Office of the Attorney General
Honorable Gibson D. Lewis
Opinion No. JM-32
Re: May a legislator accept a teaching position at a public institution of higher education if the compensation paid therefor is derived from private funds donated to the university
Dear Speaker Lewis:
Your letter requesting an opinion of this office reads:
A member of the Texas House of Representatives is interested in a part-time instructor's position with a component of the University of Texas System. He would be compensated out of private funds donated to the University. I respectfully ask your opinion on the following:
May a member of the Texas House of Representatives teach on a part-time basis at a state funded university, if he is compensated from private funds donated to the university?
In a follow-up letter you advise:
With regard to the above referenced opinion request it is my understanding that the member of the Texas House of Representatives will receive compensation from his teaching activities from a foundation or institution separate from and unconnected with the University of Texas at Tyler.
The concluding sentence of article XVI, section 40, of the Texas Constitution reads:
No member of the Legislature of this State may hold any other office or position of profit under this State, or the United States, except as a notary public if qualified by law.
This language was added in 1972.
In Attorney General Opinion MW-403 (1981), after noting that a different construction of the language would render section 40 internally inconsistent, this office concluded that the provision would not prevent a legislator from holding any additional military office or soil and water conservation district office. This results because another part of section 40 specifies that 'nothing in this Constitution' shall be construed to prohibit military officers or officers of soil and water conservation districts from 'holding at the same time any other office or position of honor, trust or profit.'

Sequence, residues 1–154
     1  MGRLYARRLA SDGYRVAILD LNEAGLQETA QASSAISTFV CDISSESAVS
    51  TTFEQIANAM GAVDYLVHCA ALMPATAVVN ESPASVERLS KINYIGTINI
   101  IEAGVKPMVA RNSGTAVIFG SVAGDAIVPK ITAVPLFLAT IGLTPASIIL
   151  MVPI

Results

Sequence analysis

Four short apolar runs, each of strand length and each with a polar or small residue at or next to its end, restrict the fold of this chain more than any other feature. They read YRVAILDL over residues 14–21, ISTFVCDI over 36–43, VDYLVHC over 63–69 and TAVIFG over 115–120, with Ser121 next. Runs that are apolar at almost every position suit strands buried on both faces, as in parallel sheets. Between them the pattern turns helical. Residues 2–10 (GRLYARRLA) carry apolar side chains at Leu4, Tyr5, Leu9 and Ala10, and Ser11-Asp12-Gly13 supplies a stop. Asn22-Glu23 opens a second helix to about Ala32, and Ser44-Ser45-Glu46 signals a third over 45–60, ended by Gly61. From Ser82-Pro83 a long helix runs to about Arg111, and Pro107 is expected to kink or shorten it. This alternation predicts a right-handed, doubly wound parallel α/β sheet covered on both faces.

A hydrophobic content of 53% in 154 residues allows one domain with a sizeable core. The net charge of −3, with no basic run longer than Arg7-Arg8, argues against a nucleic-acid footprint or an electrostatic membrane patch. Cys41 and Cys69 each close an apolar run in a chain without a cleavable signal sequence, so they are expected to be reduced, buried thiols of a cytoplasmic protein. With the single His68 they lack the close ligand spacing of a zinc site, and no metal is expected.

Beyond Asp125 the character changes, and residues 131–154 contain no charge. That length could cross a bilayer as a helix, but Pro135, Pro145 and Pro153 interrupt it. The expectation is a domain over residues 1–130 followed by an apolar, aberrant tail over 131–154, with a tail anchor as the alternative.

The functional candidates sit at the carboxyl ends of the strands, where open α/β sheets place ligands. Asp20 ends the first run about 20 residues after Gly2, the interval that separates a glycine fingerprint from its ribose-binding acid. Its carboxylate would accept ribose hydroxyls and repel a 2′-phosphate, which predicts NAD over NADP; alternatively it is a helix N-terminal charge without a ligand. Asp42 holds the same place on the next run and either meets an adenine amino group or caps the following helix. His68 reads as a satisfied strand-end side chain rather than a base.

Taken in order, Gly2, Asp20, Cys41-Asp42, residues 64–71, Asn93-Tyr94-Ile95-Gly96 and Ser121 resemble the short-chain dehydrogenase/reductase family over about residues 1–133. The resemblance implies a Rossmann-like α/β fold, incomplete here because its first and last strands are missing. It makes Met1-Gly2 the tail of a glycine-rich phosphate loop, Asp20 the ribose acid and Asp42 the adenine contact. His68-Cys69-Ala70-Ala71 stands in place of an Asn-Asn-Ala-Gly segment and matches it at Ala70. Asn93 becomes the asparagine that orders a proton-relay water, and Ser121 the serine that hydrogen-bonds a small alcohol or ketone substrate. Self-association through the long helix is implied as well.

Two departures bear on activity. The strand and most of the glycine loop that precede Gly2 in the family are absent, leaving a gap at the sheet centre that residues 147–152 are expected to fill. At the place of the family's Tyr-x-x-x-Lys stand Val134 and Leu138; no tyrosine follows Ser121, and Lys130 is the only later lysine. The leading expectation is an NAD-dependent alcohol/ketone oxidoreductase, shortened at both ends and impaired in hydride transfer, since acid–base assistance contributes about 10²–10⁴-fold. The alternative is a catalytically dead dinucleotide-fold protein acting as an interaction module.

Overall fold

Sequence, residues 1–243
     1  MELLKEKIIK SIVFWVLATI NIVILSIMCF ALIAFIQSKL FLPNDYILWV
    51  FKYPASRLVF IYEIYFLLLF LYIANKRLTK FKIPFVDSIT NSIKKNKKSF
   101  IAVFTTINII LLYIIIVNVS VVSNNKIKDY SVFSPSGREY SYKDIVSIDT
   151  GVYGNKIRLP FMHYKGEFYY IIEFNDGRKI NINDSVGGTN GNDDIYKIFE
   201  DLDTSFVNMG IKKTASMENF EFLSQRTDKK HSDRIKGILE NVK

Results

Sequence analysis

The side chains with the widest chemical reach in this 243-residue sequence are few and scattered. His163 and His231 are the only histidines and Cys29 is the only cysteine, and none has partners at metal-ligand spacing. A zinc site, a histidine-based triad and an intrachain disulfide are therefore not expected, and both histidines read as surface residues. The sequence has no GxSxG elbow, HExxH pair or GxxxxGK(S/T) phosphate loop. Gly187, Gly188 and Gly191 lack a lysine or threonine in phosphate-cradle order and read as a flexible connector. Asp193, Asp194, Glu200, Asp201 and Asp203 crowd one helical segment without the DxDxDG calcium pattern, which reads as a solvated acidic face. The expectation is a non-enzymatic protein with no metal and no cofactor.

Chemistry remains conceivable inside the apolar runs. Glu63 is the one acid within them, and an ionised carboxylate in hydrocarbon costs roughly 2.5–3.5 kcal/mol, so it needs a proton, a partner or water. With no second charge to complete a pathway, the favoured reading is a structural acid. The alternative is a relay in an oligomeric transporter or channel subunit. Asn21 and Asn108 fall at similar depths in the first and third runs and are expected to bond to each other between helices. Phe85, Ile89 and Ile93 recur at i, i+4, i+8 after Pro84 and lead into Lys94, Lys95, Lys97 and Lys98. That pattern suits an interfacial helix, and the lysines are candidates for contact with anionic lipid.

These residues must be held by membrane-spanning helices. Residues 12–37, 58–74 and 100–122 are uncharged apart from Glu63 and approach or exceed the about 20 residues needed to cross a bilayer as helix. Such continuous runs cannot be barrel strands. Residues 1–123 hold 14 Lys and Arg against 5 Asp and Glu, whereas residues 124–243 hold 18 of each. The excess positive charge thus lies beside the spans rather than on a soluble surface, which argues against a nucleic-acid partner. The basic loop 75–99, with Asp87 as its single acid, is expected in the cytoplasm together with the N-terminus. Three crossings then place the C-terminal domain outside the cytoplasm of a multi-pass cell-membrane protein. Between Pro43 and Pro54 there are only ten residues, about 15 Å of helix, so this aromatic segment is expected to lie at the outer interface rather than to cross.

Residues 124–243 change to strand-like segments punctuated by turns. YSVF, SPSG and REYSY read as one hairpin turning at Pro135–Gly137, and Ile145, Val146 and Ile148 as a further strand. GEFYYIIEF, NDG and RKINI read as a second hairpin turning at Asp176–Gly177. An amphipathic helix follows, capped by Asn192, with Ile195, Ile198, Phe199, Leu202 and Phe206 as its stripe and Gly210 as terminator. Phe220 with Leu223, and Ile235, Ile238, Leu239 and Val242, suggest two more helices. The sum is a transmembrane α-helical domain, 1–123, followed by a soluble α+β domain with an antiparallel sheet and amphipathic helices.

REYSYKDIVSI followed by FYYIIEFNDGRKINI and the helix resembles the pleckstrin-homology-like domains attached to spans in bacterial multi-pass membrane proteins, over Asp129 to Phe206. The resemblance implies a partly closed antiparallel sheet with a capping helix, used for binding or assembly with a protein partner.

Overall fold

If the legislator serves the university strictly as a volunteer, being neither paid nor formally employed by it, we do not believe this provision will be violated. The source of the legislator's income would then be immaterial unless its receipt were conditioned on his continued assignment by the university. See Educ. Code ss 76.01, 76.05, 65.36; Attorney General Opinion MW-373 (1981).
A member of the Texas House of Representatives may volunteer his services as a part-time instructor at a state funded university without violating article XVI, section 40, of the Texas Constitution.
Very truly yours,